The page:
My husband has worked from home for the past 15 years, and when I was still working in the corporate world, I worked from home for six of those years. At the time he started working from home, we had a baby and a pre-schooler. Both kids are now in high school and my husband is still working from our house. Here's how we made it work.
1) Separate Work and Home
When I asked my husband (who we'll call Mr. B&B) what he thought were the most important things to do when working from home, one thing stood out above all.
"As soon as you bring your work into your home for a long period of time, you have to find an activity to separate them," says Mr. B&B. "Whether it's getting a shower and morning coffee, going for a run, taking a walk around the block, or some other daily ritual, you need a consistent signal for yourself and everyone at home that work is starting."
Similarly, you need an end-of-day routine that indicates the workday is shifting to home life. At our house, Mr. B&B will pour a glass of wine and take it to his office to read the news and decompress from his work day.
"Without a commute, it's helpful to have something to transition between work and home life," Mr. B&B says.
He also recommends finding a way to signal that you're off-duty.
"If your office is on your dining room table, for example, close your laptop and set a time you don't work," Mr. B&B advises. "Even if you aren't finished for the day, it's important to know when to fully disengage with work."
Block it on your calendar so calls aren't scheduled. For us, dinner at the table as a family has been a priority since the beginning of working from home. Everyone in the family knows this is happening each night, and it's become a time we can all count on to come together.
What if your office is your dining room table? Find a way to clear the space easily. A simple-to-pack tote can help the transition. You can store office supplies in it while you work and move your home office with you. For example, if it's nice outside, take your office to the porch. If your kids are doing crafts and you need to be close by, the tote brings you to their space. I bought a tote insert for a cute bag one of my clients gifted me where I store post-it notes, pens, notepads, my label maker, my laptop and some file folders for projects I'm working on.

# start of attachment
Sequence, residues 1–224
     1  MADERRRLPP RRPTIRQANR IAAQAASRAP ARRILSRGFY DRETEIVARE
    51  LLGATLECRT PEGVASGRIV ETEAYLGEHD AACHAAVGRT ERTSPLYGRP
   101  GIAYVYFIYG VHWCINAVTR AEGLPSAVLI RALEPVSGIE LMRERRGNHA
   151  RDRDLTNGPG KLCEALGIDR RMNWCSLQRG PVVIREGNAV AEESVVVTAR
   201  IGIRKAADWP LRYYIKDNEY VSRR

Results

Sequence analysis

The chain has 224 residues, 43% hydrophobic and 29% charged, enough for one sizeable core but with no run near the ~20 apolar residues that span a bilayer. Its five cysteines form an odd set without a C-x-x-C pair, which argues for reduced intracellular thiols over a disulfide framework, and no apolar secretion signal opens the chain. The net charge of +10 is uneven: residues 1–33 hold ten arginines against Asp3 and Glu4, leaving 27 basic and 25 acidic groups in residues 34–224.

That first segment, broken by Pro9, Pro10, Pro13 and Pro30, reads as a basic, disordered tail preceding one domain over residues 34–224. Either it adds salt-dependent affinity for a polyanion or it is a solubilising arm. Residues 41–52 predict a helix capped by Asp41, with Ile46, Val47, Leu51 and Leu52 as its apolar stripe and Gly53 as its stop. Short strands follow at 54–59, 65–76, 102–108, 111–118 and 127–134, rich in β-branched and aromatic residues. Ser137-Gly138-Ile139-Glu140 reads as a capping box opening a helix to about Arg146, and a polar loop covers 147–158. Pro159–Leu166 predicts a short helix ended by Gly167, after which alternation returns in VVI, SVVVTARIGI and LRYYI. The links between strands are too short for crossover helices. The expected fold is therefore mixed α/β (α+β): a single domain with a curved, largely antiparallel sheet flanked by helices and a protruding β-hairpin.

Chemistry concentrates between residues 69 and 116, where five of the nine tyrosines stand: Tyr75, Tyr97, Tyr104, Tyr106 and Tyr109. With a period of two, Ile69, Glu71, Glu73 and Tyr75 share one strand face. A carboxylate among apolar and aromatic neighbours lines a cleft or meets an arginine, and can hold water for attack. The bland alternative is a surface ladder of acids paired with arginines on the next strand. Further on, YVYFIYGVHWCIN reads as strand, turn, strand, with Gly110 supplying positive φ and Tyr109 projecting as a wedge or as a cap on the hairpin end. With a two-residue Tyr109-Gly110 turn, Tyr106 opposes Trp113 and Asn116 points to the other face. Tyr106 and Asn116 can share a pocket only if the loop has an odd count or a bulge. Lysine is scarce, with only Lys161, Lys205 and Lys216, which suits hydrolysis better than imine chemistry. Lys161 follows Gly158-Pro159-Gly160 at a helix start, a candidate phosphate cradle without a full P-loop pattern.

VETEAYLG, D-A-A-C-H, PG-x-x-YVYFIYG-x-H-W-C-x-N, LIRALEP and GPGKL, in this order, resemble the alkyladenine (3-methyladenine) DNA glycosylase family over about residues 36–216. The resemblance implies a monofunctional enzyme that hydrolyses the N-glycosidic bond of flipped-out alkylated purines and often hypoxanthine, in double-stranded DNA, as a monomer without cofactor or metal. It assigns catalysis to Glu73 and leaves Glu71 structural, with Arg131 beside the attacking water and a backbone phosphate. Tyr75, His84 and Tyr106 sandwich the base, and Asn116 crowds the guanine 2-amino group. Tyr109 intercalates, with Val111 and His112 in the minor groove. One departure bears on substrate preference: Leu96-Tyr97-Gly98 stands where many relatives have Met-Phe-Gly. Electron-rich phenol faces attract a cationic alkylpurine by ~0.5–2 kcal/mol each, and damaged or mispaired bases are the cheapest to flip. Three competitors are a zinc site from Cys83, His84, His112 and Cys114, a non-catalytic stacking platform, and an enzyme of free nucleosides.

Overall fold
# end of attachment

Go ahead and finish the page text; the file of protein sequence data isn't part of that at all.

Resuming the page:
The one I chose is here (you can click the image to take you to the product...I measured the inside of my tote and got the XL size in beige):
If your current home office space isn't working for you, pack up and look around for other spots that might work for a more permanent set-up. A guest bedroom or even an unused closet space can be outfitted with a table and chair as long as you have power outlets for devices and light.
2) Set Up Near a Window If Possible
"Having a change of scenery is really beneficial," says Mr. B&B. Walkers, cars, trees and birds help keep the outside world in perspective.
If you're in space without a view, designate a time to get outside each day.
"Look for the opposite of being confined in a room," Mr. B&B notes.
3) Make Sure Kids Know What to Expect
When I worked from home for a technical recruiting company, I spent a good bit of time on the phone. I kept a post-it note handy that said "On a call...I'll help when I'm finished." I placed it on my door during the call so my kids knew I would get back to them shortly.
If you kids are too young to read, consider a red paper sign for STOP and explain ahead of time what to expect if the sign is up. Make sure you don't forget to get back to them when the call is over though!
4) Set Kids (and Spouses) Up for Independence
You can probably anticipate some of the things your family may come to you for, with food among the most common request.
Set up help-yourself snack stations in the pantry or fridge, kept low enough that everyone can reach it.
As for the ever-popular question of what's for dinner, place a written meal plan for the day in your kitchen. They will know what's planned and it will help you stay on track if you need to start a crockpot meal early or begin thawing or marinating your dinner.
5) Turn Kids' Screen Time into Your Most Productive Time
If kids are begging for more screen time, allow it when you need quiet or uninterrupted blocks of time to concentrate. You know they'll be focused and quiet so you can be too.
What areas of work-from-home life are most important to you right now? What solutions do you have that make it work?